Antifungal susceptibility, risk factors and treatment outcomes of patients with candidemia at a university hospital in Saudi Arabia


  • Asif Jiman-Fatani
  • Takwa E. Meawed
  • Dalia El-Hossary



Candidemia, Non- albicans Candida, Antifungal susceptibility


Background: Candidemia is a major cause of morbidity and mortality in hospitalized patients. The spectrum of candidemia has been changed especially among critically ill patients due to emergence of non-albicans Candida (NAC) species. The increasing use of azole agents is suggested to be responsible for this epidemiological shift. NAC species are of special concern because of their high drug-resistance and increasing prevalence.The aim of this study was to detect antifungal-susceptibility patterns, treatment outcomes and associated risk factors in patients with candidemia who were admitted to King Abdulaziz University Hospital (KAUH), Jeddah, Kingdom of Saudi Arabia (KSA) .

Methods: This work represents a cross sectional study done in the Clinical and Microbiology Laboratory at KAUH, during the period
from March 2012 till February 2014 on a total of 141 patients with candidemia. They were 31(22%) Saudi and 110(87%) non-Saudi patients with age ranged from 1 day - 102 years. Blood cultures were collected for suspected cases of candidemia, followed by subculture on SDA. Identifiation was done by VITEK MS (MALDI-TOF MS), and confimation of Candida isolates and antifungal-susceptibility testing were performed by using VITEK ®2 system.

Results: C.albicans isolates accounted for 39.7%, followed by C. tropicalis (21.3%), C. galabrata (18.4%) and C. parapsiliosis (14.9%). Additionally, C. dublinsis, C. krusei and C. famata were representing 2.1%, 2.1% and 1.4%, respectively. All Candida isolates were 100% susceptible to amphotericin B. The best susceptibility to flconazole was detected among each C. dubliensis and C. famata (100%). All C. krusei isolates were resistant to flconazole, while they were susceptible  to other antifungal agents. All isolates were susceptible to flcytosine,except C. albicans and C. dubliensis which were susceptible 92.9%and 66.7%, respectively. All isolates were susceptible to itraconazol,except C. albicans and C. tropicalis which were susceptible 94.6% and 96.7%, respectively. The percentage of deceased patients with candidemia was signifiantly higher than the survivors among age group >64 years, particularly those who were mechanically ventilated and those understeroid therapy. The percentage of deceased patients was signifiantly higher than survivors among those admitted to adult ICUs (73.78%vs 26.23%) .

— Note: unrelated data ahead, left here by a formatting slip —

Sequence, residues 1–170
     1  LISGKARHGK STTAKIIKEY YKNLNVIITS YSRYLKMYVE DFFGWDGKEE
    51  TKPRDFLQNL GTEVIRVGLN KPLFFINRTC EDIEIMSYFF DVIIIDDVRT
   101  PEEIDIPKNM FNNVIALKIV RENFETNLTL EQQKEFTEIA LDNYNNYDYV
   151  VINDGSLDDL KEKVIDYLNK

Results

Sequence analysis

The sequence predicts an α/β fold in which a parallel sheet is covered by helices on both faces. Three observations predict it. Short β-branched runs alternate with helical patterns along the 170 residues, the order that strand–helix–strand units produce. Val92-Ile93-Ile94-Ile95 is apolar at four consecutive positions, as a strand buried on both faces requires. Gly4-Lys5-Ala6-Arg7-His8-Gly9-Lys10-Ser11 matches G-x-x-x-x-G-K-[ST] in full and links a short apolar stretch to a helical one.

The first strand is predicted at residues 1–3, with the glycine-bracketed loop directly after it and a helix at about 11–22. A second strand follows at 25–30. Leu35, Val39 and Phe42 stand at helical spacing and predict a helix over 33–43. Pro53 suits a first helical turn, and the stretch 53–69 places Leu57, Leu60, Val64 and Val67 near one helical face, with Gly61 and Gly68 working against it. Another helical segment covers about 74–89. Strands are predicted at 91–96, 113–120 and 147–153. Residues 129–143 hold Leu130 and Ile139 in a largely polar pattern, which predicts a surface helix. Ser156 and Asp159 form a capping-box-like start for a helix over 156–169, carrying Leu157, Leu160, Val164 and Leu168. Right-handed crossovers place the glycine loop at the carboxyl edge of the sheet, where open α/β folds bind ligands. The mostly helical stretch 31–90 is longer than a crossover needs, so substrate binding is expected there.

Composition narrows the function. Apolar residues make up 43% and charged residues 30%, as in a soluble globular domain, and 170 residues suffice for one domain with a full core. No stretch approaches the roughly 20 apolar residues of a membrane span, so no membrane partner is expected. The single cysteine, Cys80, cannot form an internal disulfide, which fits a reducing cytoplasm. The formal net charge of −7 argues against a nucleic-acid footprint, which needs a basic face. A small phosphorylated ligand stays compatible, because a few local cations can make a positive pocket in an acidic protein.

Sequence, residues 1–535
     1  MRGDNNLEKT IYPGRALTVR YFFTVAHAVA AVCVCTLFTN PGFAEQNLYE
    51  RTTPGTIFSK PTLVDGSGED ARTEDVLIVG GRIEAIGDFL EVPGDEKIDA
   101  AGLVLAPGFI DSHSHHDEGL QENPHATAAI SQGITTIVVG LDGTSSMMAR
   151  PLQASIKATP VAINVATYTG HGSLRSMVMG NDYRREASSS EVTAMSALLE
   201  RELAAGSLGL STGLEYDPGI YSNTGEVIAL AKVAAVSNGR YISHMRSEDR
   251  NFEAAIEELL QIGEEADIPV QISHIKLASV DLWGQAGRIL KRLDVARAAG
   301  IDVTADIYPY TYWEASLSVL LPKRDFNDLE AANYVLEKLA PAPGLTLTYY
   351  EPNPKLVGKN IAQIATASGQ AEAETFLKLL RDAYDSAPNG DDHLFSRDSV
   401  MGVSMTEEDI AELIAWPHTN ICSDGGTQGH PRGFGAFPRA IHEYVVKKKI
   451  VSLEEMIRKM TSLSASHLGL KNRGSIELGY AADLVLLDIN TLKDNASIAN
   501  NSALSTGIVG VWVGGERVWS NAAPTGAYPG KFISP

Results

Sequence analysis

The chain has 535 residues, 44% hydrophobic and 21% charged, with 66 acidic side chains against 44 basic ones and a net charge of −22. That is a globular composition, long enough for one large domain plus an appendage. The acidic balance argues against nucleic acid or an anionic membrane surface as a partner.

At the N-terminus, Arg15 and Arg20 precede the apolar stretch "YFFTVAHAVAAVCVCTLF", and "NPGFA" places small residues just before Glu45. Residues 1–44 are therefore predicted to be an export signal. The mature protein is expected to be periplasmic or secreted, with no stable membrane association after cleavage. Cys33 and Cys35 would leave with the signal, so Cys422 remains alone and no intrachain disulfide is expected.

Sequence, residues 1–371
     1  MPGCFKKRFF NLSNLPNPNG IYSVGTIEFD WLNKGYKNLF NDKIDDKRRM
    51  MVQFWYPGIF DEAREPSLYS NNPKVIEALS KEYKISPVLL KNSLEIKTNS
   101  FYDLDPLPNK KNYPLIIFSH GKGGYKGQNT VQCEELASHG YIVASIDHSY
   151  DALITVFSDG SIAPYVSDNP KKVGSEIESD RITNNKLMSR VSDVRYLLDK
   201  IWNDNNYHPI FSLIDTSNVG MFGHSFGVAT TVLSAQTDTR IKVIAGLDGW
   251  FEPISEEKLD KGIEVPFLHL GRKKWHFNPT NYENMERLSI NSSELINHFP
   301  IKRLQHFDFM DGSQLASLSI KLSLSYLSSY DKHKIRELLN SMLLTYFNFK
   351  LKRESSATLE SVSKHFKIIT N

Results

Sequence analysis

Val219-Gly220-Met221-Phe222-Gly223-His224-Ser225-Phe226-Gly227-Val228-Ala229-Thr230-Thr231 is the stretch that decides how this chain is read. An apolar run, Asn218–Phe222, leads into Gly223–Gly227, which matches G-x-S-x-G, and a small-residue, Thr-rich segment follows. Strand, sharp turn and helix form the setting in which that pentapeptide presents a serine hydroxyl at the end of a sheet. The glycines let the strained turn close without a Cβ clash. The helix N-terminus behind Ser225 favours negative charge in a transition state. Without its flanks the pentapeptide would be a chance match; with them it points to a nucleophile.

Conclusion: This study shows an epidemiological shift to higher NAC species isolation rates, with 100% susceptibility to amphotericin B in all isolates either C. albicans or NAC species, and 100% susceptibility to flconazole among C. dubliensis and C. famata. Patients aged > 64 years, admission to adult ICUs, mechanical ventilation and steroid therapy were signifiant risk factors for increased mortality due to candidemia.